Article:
SHERLOCK “SHERLOCK” is used to train Air Force technicians to diagnose problems in the electrical systems of F-15 jets. The ITS creates faulty schematic diagrams of systems for the trainee to locate and diagnose. The ITS provides diagnostic readings allowing the trainee to decide whether the fault lies in the circuit being tested or if it lies elsewhere in the system. Feedback and guidance are provided by the system and help is available if requested.
Cardiac Tutor the Cardiac Tutor’s aim is to support advanced cardiac support techniques to medical personnel. The tutor presents cardiac problems and, using a variety of steps, students must select various interventions. Cardiac Tutor provides clues, verbal advice, and feedback in order to personalize and optimize the learning. Each simulation, regardless of whether the students were successfully able to help their patients, results in a detailed report which students then review.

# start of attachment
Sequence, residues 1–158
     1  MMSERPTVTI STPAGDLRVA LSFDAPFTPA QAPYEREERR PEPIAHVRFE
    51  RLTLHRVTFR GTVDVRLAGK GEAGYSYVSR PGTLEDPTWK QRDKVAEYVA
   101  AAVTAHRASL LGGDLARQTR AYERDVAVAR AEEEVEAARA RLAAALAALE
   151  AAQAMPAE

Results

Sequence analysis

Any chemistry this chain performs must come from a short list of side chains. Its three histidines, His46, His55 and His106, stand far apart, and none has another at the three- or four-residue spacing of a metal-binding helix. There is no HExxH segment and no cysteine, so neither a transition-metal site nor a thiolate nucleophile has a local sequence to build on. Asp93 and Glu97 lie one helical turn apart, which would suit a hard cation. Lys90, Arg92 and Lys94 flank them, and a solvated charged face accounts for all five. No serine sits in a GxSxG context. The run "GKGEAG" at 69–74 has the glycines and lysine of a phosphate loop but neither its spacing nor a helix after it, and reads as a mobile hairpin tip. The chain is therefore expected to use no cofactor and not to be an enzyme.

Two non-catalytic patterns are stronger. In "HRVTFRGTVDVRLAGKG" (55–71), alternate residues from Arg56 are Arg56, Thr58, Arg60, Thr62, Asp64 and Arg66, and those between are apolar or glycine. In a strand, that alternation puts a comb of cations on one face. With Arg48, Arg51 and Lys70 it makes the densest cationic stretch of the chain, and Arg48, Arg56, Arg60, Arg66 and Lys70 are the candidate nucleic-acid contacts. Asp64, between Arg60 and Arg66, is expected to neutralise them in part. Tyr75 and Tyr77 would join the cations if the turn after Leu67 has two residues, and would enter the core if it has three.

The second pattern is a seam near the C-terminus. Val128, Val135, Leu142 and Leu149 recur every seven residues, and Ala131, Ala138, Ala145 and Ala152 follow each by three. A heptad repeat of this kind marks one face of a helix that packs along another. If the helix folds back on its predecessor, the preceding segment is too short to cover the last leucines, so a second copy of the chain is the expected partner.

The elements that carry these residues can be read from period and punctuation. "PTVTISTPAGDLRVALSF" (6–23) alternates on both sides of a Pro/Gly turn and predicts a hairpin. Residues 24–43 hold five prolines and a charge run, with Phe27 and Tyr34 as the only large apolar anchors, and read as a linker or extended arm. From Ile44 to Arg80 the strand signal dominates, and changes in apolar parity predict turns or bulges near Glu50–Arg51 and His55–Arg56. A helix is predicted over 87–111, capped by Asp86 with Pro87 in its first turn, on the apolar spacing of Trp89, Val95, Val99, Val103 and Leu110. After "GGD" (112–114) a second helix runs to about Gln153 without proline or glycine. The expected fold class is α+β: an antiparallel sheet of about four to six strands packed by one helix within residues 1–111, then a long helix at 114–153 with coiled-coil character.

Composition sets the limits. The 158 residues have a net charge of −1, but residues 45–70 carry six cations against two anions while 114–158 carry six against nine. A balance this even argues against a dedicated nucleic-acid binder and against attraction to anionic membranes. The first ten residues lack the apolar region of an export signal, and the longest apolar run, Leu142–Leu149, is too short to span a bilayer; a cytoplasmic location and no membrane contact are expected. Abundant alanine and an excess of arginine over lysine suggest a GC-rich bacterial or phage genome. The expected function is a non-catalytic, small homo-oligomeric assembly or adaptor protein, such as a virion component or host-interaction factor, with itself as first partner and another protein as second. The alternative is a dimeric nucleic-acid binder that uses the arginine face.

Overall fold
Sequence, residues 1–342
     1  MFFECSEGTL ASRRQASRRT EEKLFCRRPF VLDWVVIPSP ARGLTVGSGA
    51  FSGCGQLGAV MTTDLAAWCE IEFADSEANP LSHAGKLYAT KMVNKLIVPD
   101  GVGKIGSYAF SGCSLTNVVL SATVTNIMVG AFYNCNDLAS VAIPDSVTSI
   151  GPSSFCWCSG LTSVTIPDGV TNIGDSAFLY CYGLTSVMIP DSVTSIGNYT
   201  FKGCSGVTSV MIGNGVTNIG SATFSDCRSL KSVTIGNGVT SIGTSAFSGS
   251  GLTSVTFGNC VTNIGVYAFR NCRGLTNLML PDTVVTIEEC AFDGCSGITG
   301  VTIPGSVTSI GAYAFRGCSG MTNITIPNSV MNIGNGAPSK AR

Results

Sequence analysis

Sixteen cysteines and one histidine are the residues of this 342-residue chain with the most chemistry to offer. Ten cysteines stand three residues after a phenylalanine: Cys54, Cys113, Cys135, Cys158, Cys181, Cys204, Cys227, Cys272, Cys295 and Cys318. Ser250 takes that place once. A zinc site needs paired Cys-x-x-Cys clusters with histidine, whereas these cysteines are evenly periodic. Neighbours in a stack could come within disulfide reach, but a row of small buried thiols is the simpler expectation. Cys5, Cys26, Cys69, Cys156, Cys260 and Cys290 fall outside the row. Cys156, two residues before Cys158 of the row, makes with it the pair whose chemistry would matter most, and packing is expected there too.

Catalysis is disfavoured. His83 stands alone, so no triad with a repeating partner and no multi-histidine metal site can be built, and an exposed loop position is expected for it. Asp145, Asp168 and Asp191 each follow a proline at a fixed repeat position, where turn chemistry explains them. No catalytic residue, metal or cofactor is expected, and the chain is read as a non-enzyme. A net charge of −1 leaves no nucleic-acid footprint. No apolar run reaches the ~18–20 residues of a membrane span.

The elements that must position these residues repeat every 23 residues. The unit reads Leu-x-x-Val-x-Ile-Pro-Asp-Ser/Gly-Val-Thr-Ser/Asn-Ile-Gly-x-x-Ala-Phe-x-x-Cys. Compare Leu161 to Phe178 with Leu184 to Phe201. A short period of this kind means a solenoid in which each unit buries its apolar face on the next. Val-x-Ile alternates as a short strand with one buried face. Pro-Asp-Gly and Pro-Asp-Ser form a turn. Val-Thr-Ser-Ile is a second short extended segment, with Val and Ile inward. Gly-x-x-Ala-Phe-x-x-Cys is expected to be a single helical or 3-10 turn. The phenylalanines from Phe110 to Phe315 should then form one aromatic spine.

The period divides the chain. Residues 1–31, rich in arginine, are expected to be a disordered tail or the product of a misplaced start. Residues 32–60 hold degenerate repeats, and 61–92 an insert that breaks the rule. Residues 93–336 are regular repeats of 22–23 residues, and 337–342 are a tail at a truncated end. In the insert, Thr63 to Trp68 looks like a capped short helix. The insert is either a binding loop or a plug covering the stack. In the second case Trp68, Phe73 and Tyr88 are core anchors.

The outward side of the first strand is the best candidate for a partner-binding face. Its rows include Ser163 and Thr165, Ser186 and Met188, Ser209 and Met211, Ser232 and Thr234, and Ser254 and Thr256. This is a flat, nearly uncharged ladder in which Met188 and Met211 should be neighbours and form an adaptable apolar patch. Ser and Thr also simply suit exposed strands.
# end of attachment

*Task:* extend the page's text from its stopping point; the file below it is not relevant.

CODES Cooperative Music Prototype Design is a Web-based environment for cooperative music prototyping. It was designed to support users, especially those who are not specialists in music, in creating musical pieces in a prototyping manner. The musical examples (prototypes) can be repeatedly tested, played and modified. One of the main aspects of CODES is interaction and cooperation between the music creators and their partners.